Modeling the Measurable or Measuring the Modelable: A Hierarchical Approach to Isolating Meaningful Soil Organic Matter Fractionations


The approaches of modeling the measurable and measuring the modelable are both valuable for advancing our understanding of soil organic matter (SOM). In the former case, we assume that the measurements we make are the best representation of nature, and that model structure should follow. While this may simplify model testing, it may not yield a particularly useful description of SOM dynamics. There is no question that most of our knowledge about SOM is derived from experimentation, but models are being increasingly used to further our understanding. In the latter case, model structure and parameters are modified in reasonable ways to obtain the best fit of simulation with observation, thus deducing the “correct” structure. In this case, it is conceivable that more than one structure can result in a good fit to the data. Good predictions may be produced, but an incorrect structure may be derived. In either case, there are no clear criteria for obtaining the “truth” except for repeatedly testing our methods/models against new information, preferably obtained from definitive experiments. A combination of approaches is best. We elaborate a particular approach which is mindful of the habitat in which microbes and their substrates reside and relate this theory to methods developed to separately isolate plant and microbially derived SOM, which may be physically protected from microbial attack in the soil.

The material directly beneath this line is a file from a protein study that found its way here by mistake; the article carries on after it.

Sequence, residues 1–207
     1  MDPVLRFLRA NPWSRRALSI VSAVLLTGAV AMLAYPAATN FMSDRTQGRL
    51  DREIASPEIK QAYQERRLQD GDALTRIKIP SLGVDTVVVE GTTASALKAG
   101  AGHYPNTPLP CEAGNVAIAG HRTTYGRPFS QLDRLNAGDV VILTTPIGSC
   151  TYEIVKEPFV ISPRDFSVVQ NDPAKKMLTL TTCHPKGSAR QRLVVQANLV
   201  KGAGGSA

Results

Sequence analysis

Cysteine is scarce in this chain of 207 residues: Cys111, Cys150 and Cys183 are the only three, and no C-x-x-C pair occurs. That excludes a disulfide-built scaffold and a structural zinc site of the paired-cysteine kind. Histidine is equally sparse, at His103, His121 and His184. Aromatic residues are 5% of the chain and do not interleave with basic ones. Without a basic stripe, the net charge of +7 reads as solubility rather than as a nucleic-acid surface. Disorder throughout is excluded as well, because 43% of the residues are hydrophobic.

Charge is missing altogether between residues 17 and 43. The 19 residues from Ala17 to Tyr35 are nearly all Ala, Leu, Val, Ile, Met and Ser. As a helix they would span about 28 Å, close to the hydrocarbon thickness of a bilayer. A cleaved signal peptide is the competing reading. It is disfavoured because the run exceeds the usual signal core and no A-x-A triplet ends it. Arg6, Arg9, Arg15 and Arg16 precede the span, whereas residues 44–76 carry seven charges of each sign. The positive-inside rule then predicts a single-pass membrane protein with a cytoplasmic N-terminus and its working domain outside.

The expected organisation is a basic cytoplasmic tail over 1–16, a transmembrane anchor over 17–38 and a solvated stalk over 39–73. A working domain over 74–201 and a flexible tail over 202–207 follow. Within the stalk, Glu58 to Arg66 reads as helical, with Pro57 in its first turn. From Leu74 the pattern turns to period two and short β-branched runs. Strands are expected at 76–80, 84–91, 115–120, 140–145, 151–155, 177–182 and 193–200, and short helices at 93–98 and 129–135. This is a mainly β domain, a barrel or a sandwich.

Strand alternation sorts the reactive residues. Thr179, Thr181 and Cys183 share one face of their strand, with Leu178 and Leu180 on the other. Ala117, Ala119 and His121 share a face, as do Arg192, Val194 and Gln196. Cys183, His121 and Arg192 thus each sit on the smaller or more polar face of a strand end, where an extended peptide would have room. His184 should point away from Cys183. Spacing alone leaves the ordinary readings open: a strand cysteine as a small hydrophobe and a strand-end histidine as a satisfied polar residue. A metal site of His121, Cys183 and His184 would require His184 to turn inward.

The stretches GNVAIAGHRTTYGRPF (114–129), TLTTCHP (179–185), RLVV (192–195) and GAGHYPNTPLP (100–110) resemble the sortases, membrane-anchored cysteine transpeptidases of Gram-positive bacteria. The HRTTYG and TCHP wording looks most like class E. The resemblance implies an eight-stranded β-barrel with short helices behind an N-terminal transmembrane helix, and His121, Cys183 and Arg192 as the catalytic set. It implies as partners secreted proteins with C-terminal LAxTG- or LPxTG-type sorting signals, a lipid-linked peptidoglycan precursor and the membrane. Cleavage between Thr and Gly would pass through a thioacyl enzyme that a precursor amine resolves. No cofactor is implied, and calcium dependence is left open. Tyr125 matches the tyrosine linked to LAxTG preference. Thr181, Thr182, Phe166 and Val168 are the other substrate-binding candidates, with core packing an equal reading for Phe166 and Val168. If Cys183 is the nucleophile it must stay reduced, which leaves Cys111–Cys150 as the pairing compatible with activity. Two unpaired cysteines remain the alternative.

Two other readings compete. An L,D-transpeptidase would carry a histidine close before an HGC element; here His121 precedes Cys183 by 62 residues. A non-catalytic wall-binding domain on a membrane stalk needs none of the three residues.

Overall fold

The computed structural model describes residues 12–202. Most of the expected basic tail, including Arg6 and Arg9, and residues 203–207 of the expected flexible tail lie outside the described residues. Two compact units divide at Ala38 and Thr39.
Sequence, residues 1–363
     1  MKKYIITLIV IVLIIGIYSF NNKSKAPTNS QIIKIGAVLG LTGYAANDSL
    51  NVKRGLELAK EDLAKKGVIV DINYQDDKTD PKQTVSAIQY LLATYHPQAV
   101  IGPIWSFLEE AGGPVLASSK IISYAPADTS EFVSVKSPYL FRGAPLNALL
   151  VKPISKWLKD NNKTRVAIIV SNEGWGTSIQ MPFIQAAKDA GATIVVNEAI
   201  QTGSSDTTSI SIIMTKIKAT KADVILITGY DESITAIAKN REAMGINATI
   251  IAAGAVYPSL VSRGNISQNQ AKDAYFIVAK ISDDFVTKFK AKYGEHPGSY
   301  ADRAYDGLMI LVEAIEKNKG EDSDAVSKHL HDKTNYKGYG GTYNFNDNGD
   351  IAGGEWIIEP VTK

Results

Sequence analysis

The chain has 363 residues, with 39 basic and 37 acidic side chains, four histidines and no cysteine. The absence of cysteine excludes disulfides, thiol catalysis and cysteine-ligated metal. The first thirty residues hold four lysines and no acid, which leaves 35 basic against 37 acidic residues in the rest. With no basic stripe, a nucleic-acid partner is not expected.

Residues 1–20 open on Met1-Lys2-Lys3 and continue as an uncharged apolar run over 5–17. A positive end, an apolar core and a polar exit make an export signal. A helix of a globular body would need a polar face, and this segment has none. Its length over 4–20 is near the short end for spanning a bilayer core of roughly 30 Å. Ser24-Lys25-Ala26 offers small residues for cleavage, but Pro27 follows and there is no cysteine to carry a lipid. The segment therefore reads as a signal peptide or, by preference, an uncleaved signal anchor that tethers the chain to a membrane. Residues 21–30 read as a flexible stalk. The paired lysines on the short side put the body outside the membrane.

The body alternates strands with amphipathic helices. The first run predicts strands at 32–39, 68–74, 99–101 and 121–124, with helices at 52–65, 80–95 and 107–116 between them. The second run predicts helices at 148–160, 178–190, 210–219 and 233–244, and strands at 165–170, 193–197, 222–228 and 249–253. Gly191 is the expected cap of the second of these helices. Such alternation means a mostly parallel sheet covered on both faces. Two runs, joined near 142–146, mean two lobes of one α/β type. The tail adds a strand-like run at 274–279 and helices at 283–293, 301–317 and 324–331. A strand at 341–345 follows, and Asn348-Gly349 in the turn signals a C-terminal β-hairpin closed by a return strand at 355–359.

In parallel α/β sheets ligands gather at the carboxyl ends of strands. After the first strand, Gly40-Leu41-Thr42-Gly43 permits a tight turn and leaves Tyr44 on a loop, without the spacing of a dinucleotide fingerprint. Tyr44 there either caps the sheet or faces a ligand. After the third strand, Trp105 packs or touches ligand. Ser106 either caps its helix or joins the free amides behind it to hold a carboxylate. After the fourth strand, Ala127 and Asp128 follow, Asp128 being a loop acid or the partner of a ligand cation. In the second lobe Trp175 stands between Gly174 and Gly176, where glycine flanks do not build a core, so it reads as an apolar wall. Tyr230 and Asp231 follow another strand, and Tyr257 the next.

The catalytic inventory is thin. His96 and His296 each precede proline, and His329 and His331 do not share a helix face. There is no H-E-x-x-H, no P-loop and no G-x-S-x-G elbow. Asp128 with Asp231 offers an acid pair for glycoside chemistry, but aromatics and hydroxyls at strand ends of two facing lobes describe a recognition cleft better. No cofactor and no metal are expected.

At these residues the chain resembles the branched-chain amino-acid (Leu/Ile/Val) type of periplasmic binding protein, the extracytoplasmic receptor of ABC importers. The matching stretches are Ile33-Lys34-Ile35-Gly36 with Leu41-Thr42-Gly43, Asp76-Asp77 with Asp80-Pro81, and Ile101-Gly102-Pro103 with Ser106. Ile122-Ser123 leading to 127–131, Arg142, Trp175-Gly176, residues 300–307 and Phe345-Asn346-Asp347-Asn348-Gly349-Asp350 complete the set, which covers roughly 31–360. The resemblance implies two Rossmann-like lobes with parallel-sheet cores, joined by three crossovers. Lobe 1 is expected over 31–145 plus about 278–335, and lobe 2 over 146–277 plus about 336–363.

Soil Biogeochemistry and Microbial Ecology

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Evaluation of Soil Organic Matter Models



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